Discover Ancient Egypt
With countless documentaries on the Discovery channel and touring exhibits of pharaohnic treasures, it could be easy to see Egypt as a one trick pony. A vast, dusty museum of a country pondered and prodded by an endless stream of bespectacled boffins. To escape the clichés you have to see it for yourself Carl reports.
You may not be the first but with footsteps as illustrious as Napoleon, Alexander the Great and Moses to follow in, you're unlikely to be the last either.
All trips by present day explorers tend to originate in Cairo. A frenetic mass of a city and Africa's most populous, it's Arabic name, Al-Qahirah translates as "The Vanquisher", which feels all too apt when plunged into the maze of the Khan El Khalili, Cairo's largest bazaar. Pungent apple smoke from bubbling shisha pipes fills the air of the narrow alleys, the smoking ban unlikely to reach the shores of North Africa any time soon. Avarice shopkeepers smelling money shamelessly implore you to sample their wares, sitting side by side an impressive array of plastic and papyrus tat. The sales pitch of a mercantile bloodline spanning centuries ensures even the most experienced of barterers will leave with a lasting memory of the city.
It's only upon leaving the base of Cairo that other facets of Egypt are revealed. The majority of the principle attractions lie conveniently along the Nile. Ranking as one of the worlds most iconic rivers, this arterial waterway cuts its way through the African continent, from the heart of Uganda to the Mediterranean. With its abundance of valuable water and rich silt, its shores have acted as a magnet for settlement for millennia. For many visitors the draw of the great temples of Luxor, the Valley of the Kings and my personal favourite, Abu Simbel, are enough to warrant a visit. However, as with all great travels, the journey there is half the experience. It's a journey not to be rushed, and one that can be enjoyed casually floating on a traditional Felucca, or reclining in the comfort of a bygone era on a cruise ship.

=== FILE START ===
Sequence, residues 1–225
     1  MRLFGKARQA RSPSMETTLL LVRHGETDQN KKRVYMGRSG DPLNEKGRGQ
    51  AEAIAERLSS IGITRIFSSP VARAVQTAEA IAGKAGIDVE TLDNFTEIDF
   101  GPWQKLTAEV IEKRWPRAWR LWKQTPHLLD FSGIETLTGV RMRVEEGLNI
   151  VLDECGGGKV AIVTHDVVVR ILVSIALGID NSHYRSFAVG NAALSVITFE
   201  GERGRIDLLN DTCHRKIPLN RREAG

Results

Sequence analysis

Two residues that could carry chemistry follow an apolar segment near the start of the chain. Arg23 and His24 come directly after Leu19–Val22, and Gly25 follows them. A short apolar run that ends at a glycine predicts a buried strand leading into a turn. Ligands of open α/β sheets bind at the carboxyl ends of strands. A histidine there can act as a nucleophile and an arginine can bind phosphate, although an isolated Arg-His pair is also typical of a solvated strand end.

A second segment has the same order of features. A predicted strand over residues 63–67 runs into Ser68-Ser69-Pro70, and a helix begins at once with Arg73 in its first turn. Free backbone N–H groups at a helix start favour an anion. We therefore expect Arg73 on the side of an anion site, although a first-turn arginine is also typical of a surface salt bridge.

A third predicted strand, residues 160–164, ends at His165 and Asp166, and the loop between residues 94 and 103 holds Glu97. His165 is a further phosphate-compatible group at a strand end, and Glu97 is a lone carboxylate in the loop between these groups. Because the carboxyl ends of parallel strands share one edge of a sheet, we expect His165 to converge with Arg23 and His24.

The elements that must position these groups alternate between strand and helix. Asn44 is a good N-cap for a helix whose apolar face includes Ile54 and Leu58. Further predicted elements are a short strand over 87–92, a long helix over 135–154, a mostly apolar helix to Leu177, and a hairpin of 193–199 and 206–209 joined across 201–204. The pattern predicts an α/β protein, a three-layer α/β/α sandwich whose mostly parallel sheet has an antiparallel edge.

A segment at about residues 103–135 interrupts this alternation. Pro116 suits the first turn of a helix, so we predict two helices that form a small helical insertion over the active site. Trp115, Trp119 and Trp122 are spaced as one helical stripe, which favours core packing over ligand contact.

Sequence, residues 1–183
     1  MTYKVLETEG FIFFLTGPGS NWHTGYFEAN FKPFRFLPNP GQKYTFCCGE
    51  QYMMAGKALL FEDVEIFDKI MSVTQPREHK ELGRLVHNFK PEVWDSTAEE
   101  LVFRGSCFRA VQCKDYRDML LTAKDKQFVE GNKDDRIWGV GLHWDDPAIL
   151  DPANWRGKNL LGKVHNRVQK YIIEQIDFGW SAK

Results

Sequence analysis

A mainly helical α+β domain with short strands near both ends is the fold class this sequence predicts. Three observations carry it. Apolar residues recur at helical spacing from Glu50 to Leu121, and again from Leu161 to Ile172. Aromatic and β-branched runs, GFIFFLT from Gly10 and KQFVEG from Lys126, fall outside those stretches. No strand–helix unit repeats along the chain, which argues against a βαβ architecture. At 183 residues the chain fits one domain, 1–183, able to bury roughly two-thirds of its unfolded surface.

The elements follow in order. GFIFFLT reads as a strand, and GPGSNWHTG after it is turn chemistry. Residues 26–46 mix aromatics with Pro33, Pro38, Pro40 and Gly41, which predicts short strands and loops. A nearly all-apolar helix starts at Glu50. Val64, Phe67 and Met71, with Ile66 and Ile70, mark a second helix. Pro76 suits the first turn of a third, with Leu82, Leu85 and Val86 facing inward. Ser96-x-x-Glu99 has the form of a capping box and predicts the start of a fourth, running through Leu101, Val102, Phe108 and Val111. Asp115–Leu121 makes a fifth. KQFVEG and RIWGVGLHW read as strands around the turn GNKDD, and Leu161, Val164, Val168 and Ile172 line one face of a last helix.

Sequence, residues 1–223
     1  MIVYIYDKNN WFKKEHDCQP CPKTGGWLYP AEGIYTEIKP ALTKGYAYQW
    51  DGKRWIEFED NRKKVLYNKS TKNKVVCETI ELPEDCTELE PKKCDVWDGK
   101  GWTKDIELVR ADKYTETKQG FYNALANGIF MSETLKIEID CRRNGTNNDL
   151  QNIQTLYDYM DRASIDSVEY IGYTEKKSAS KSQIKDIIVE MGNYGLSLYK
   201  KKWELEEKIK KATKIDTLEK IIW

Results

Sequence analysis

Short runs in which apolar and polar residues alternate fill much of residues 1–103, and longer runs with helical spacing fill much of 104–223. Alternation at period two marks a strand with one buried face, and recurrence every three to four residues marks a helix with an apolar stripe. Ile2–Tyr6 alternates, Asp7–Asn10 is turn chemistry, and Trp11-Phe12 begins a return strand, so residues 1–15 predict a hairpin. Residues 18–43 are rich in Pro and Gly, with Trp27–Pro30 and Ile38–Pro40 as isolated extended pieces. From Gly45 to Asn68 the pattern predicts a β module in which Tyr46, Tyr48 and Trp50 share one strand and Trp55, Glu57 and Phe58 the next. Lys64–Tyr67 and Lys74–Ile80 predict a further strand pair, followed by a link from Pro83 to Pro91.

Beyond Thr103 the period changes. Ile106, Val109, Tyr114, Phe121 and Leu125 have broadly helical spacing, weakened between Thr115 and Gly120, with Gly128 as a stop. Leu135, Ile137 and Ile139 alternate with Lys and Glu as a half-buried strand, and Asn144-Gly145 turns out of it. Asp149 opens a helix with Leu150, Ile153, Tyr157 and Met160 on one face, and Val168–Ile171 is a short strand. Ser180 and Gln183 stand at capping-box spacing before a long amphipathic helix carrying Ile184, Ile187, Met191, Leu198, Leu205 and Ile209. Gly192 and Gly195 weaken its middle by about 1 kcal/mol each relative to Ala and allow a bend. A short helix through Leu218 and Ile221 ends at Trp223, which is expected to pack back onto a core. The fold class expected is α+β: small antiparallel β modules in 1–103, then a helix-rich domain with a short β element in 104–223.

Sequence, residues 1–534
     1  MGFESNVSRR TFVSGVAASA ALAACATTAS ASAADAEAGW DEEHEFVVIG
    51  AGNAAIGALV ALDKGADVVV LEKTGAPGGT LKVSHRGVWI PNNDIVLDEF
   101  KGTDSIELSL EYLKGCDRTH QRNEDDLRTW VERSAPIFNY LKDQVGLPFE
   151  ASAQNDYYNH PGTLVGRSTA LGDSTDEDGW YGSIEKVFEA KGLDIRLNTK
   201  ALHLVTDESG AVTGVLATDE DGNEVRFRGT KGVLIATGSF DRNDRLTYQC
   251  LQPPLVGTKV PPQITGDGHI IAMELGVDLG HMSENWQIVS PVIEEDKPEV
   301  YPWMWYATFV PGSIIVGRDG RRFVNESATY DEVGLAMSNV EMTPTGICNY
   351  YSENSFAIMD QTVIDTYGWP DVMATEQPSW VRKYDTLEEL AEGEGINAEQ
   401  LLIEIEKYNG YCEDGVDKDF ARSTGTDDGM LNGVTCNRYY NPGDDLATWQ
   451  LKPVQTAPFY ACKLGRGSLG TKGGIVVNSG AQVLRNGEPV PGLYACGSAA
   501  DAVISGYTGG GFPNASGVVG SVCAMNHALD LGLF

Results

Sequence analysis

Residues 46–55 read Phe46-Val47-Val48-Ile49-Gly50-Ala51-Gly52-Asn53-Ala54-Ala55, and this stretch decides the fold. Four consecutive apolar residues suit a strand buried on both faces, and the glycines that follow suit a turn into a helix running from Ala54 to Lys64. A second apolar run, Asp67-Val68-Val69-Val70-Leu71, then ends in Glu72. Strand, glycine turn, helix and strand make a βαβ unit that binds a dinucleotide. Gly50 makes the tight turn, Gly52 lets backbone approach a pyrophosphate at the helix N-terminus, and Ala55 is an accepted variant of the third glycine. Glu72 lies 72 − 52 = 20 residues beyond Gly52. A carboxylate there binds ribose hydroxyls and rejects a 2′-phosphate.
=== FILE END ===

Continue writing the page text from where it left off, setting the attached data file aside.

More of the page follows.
If dramatic landscapes drenched in Biblical lore excite enough to rouse you for a pre-dawn trek, then head for the Sinai. This wedge of land connecting Africa to Arabia was where the people of Moses wandered for forty years prior to the parting of the red sea (Exodus 16). Forty years is probably too long these days, but the moonlight ascent of Mount Sinai and the reward of sunrise are worth every rock-hewn step. The glow of dawn over the stark, golden Sinai desert is personally one of my fondest memories from the land of the pharaohs.
It's experiences such as these that make Egypt as popular as it justly deserves, not to mention year round sun, and some of the best diving reefs in the world. Of course there are camels, temples and I even heard rumour of ancient pyramids, but there's plenty more as well. Don't take my word for it though; see for yourself.
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